The Haka Party Incident
THE LAST NZ WAR HAPPENED IN 1979. IT LASTED 3 MINUTES.
Auckland Theatre Company’s powerful theatre work The Haka Party Incident places an overlooked moment in race relations centre-stage in Auckland Arts Festival
The Haka Party Incident, created and directed by renowned director, actor and film-maker Katie Wolfe (Ngāti Mutunga, Ngāti Tama), is documentary theatre based on the true event that changed race relations in Aotearoa forever: a violent stoush between University of Auckland engineering students and members of activist group He Taua.
Katie Wolfe’s standout piece will be presented on the mainstage at ASB Waterfront Theatre, as part of the 2021 Auckland Arts Festival/Te Ahurei Toi o Tāmaki. The Haka Party Incident is ‘verbatim theatre’ - the script compiled from live interviews and recreated by the actors exactly as they were spoken in real life. This unique theatre technique offers audiences a source of uncontaminated truth; different perspectives of those who were there in 1979, their views and experiences, then and now.
Director Katie Wolfe says, “I have always been drawn to verbatim theatre. I am fascinated by the alchemy of performance and truth. I am also fascinated by the journey that Māori and Pākehā have taken in post-colonial New Zealand. The lessons of the past can only be lessons if they are remembered. So, I am drawn to stories that seem to have been forgotten. And there are many.”
The Haka Party Incident retells the events around a group of University of Auckland engineering students celebrating graduation with an annual mock haka that was a long-held tradition of the department. Dressed in hula skirts and work boots, with words and motifs crudely painted on their bodies, the students would perform throughout the university and city centre, stopping traffic on Queen St.
On May 1st 1979, He Taua visited the engineering students as they rehearsed for the last time. Violence erupted resulting in a landmark court case, a race relations enquiry and the university Haka Party was never performed again.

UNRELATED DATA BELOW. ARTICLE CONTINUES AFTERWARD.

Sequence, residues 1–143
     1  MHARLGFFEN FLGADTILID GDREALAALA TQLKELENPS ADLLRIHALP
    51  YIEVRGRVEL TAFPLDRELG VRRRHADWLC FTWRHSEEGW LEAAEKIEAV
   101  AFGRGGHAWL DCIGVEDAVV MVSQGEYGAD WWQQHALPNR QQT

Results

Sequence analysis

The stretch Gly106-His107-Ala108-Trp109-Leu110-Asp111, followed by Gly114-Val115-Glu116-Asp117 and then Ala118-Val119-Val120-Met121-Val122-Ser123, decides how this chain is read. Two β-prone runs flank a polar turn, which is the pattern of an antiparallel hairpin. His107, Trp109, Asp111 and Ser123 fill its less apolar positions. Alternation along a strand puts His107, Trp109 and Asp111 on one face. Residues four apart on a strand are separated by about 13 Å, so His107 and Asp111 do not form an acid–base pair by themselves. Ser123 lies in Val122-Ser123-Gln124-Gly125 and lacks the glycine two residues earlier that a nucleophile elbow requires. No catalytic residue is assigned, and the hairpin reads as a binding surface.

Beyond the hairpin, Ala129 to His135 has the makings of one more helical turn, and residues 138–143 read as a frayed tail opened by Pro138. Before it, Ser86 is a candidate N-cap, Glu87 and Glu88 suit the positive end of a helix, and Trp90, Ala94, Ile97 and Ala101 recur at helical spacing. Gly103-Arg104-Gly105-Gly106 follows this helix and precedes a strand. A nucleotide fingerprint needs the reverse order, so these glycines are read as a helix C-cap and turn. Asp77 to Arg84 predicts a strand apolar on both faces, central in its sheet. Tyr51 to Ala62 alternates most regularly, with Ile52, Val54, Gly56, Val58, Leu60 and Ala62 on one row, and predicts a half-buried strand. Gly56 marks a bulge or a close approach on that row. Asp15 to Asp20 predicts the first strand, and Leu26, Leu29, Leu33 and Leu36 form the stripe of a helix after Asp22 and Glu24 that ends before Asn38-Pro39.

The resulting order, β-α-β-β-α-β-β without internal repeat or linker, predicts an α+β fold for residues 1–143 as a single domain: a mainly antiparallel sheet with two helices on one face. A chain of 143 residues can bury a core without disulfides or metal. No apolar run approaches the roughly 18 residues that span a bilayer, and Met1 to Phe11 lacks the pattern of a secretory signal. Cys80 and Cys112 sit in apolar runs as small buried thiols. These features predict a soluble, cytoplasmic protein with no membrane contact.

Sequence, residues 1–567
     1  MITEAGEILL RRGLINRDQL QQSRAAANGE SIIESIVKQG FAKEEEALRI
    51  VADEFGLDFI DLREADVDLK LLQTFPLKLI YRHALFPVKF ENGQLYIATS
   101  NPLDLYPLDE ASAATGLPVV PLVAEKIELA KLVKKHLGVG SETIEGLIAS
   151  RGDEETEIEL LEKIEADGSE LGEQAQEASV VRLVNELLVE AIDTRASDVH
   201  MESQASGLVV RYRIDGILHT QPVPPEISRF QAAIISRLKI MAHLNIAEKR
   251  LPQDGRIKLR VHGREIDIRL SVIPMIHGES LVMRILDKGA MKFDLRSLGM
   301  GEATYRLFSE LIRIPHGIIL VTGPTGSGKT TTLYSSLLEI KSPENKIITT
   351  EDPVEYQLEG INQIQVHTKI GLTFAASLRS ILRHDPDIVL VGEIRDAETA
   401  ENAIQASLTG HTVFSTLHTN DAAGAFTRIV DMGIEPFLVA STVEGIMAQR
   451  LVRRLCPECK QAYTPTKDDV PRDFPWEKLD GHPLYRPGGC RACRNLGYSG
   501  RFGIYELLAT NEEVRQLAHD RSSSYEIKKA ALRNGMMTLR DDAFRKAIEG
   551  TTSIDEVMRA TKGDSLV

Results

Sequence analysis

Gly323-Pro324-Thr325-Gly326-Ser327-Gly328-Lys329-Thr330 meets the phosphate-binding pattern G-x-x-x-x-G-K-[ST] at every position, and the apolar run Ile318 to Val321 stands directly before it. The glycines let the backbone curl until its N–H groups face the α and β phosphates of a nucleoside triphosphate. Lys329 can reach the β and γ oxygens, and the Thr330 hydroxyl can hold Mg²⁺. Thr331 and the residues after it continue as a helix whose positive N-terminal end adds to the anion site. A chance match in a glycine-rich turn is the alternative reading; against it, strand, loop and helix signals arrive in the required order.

The idea that New Zealand was a country that had institutionalised racism was talked about for the first time and paved the way for the Māori renaissance of the 1980s.
Featuring a dynamic ensemble of exciting New Zealand acting talent, The Haka Party Incident features Richard Te Are (In Dark Places, The Luminaries, The Antigone Sound), Aiden O’Malley (Bystander, Good Idea at the Time, Beat(h)oven), Neenah Dekkers Reihana (Waru, Anahera, Wellington Paranormal), Patrick Tafa (48 Nights on Hope Street, Westside, Half of the Sky), Lauren Gibson (Be Longing, Lesbos, Anne Boleyn), and Jarred Blakiston (Vernon God Little, Ablaze, The Gulf).
Katie Wolfe is joined by an accomplished creative team, including long-time collaborator; set designer John Verryt (Rendered, The Mooncake and the Kumara, Jesus Christ Superstar), costume designer Alison Reid (48 Nights on Hope Street, 8 Reasonable Demands, Dance Like Everybody’s Watching), lighting designer Jo Kilgour (Six Degrees of Separation, Under the Mountain, Filthy Business) and multi-instrumentalist, composer and sound designer Kingsley Melhuish.
Since its inception in 1992, Auckland Theatre Company has had a strong mandate to develop and produce new work that tells the stories of Tāmaki Makaurau and Aotearoa New Zealand. The Haka Party Incident was proudly commissioned and developed by ATC Literary, and initially appeared in a development season in 2017 as part of The Navigators.
The season coincides with the opening of Auckland Museum’s new gallery - Tāmaki Herenga Waka: Stories of Auckland that will feature a suite of films made by Katie Wolfe on the Haka Party incident.
The Haka Party Incident, presented by Auckland Theatre Company and Auckland Arts Festival will play at the ASB Waterfront Theatre 5-13 March for 10 performances during the festival. Tickets are on sale now.
PARTY INCIDENT by Katie Wolfe
Presented by Auckland Theatre Company and Auckland Arts Festival
ASB Waterfront Theatre
5-13 March 2021
Tickets and info www.atc.co.nz 0800 282 849